The Kennedy Bunker closed indefinitely in October, 2017. The non-profit that managed the facility lost its lease with the county. After several years of closure, Palm Beach County Commissioners voted in January 2022 to take over the facility, renovate it and re-open it to the public. But that process is estimated to cost millions of dollars and take several years. What follows is an earlier story about touring the bunker when it was open to the public. We’ll update the story as it develops.
Hidden on an island best known for boats and bikinis is a fascinating relic of another era in South Florida — the Kennedy Bunker, the underground fallout shelter built in December 1961 as a safe haven for President John F. Kennedy, whose family’s Palm Beach compound is minutes away across the water.
The bunker was constructed quickly and secretly during the run up to the Cuban Missile Crisis. Hidden in the woods and underground, it fell into disrepair until restored by the museum in 1999.
The bunker is located on Peanut Island, a Palm Beach County park accessible only by boat, that is usually surrounded by partiers on boats.
The bunker is the real deal. The museums site says: “With the exception of a presidential seal, added as a modern enhancement, the declassified, decommissioned bunker is very close to the original. The structure is covered with earth and many layers of concrete and rebar. Entry is via a blast-hardened tunnel, with a 90 degree angle to minimize shock effects from a nuclear explosion. Entry is through a secure decontamination area, which was, however, and interestingly, made of plywood.”
While a few folks around Palm Beach County know about the Kennedy Bunker and Peanut Island, it still ranks as one of Florida’s hidden treasures. It’s likely to stay that way, however: Since it is located on an island, visiting it will always require taking a water taxi, private boat or a kayak — which is part of why we love it in the first place.
The bunker itself is quite small. Shelves are stocked with containers of drinking water, Army K-rations and gas masks. There’s a rocking chair — the seat of choice for a president with a bad back — and a ham radio reminds us of life before cell phones.
It’s a spooky space. You know that if this bunker were ever actually used, it would be something close to the end of the world.
More practical matters, however, are also discussed. There is no bathroom. How would that work?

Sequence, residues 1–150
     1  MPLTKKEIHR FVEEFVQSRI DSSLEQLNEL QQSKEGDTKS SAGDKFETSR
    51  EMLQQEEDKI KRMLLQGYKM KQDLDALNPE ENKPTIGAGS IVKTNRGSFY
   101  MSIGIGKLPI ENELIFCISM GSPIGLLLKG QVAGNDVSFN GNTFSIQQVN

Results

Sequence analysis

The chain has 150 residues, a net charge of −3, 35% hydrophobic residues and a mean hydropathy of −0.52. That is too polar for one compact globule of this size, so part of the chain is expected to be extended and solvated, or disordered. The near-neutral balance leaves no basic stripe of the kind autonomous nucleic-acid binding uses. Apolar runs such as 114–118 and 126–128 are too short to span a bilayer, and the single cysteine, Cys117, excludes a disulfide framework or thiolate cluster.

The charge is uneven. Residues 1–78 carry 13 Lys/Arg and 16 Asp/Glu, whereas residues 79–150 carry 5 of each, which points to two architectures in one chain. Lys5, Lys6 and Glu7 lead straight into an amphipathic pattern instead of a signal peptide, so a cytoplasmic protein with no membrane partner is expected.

The answer: You used a bucket, filled it and sealed it.
Before touring the bunker, visitors are taken through the historic Coast Guard Station. The tour is short and modest, but you see some interesting items.
An interesting piece in the New York Times tells how JFK had a similar shelter built on another vacation destination, Nantucket Island. That shelter has never been open to the public.
Visiting the Kennedy Bunker
Peanut Island is also a great outing for snorkeling, picnics and even camping. For details see the Florida Rambler guide to visiting Peanut Island.
To reach the island, most people take a water taxi from Sailfish Marina: 98 Lake Drive, Palm Beach Shores. See website for shuttle times and parking fees.
We love leaving from Sailfish Marina because the docks there have clear turquoise water filled with schools of fish — jacks, parrot fish and more. You can buy shrimp here to feed the fish and have lunch or drinks in the restaurant.
The ferry to the island takes about a minute, but it’s scenic and the island beckons to you with its palm trees and boats.
You also can kayak to the island. To kayak, we parked and put in our boat at Riviera Beach Marina, 200 E. 13th St. Riviera Beach. (You can also rent kayaks and paddleboards at the marina.)
Another put-in spots for kayakers: Phil Foster Park, 900 E. Blue Heron Blvd., Riviera Beach.
Note: The Kennedy bunker has not been open for tours since 2017.
More things to do in Palm Beach County and nearby:
- Ten ways to enjoy the tony Town of Palm Beach
- A great beach at MacArthur State Park
- Kayak to Munyon Island in MacArthur State Park
- Lake Trail, a bike trail on the elite island of Palm Beach
- Peanut Island for snorkeling and camping
- Hiking and bike trails at Grassy Waters Preserve, West Palm Beach
- Great birding at Wakodahatchee and Green Cay Preserves
- Hiking and wildlife at Loxahatchee National Wildlife Refuge
- Delray Beach: Lots to do for weekend getaway
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The author, Bonnie Gross, travels with her husband David Blasco, discovering off-the-beaten path places to hike, kayak, bike, swim and explore. Florida Rambler was founded in 2010 by Bonnie and fellow journalist Bob Rountree, two long-time Florida residents who have spent decades exploring the Florida outdoors. Their articles have been published in the Sun Sentinel, the Miami Herald, the Orlando Sentinel, The Guardian and Visit Florida.